TA okays 60 garages to be used as bomb shelters

Parking garages are not full-on bomb shelters but a stopgap for Tel Aviv residents who don't have shelters, councilman says.

By
August 15, 2012 16:50
1 minute read.
Israelis sit in a bomb shelter [illustrative photo

Israelis in Bomb Shelter. (photo credit: Amir Cohen / Reuters)

 
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The Tel Aviv municipality said Wednesday that 60 garages, covering 850,000 square meters of territory, were approved to be used as bomb shelters for some 800,000 people in the case of a missile attack on the home front.

The municipality came up with this solution out of concern for those citizens stuck without access to a shelter or safe room at or near their home. There will be a little over one square meter available per person in these shelters, if filled to capacity.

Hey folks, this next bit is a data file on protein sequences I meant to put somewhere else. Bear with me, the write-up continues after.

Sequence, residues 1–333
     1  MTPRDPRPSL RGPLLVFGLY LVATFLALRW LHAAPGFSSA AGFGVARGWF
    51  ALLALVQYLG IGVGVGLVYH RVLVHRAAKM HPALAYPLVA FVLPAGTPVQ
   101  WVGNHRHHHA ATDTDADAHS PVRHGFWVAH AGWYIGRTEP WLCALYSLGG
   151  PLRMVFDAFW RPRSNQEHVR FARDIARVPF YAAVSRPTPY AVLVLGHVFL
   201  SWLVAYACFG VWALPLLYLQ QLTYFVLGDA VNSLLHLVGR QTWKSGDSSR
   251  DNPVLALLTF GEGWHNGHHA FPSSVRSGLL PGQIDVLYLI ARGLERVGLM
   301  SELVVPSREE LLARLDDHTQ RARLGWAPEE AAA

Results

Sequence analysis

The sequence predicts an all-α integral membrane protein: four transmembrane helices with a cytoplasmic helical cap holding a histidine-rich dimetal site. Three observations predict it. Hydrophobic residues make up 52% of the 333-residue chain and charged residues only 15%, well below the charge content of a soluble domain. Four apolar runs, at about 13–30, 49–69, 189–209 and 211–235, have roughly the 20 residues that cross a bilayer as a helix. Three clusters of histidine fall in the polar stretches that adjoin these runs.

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The parking garages include the central bus station’s four-story, 83,000 square foot garage, as well as sites at Dizengoff Center, Rabin Square and the Azrieli mall.

The municipality said that all of the parking garages are up to the IDF Home Front Command’s standards for safe areas, and have access to bathrooms and running water. In the coming days the city will begin posting signs throughout the city indicating the locations of the parking garages, which will join the 241 public bomb shelters the municipality currently maintains in the city.


By Wednesday afternoon, the municipality’s website had uploaded an interactive map of the city showing the location of the garages.

Moshe Tiomkin, Tel Aviv city councilman and head of the municipality’s emergency readiness department, told The Jerusalem Post on Tuesday that the parking lots are not traditional bomb shelters, rather a solution for people who do not have access to their own bomb shelter or safe room. He said that most people in Tel Aviv do not have a bomb shelter in their building or close by, but that in case of an emergency, most people will be able to find some sort of shelter.

The municipality agrees with Tiomkin’s assessment, and refers to the garages as “places of cover” and not shelters.

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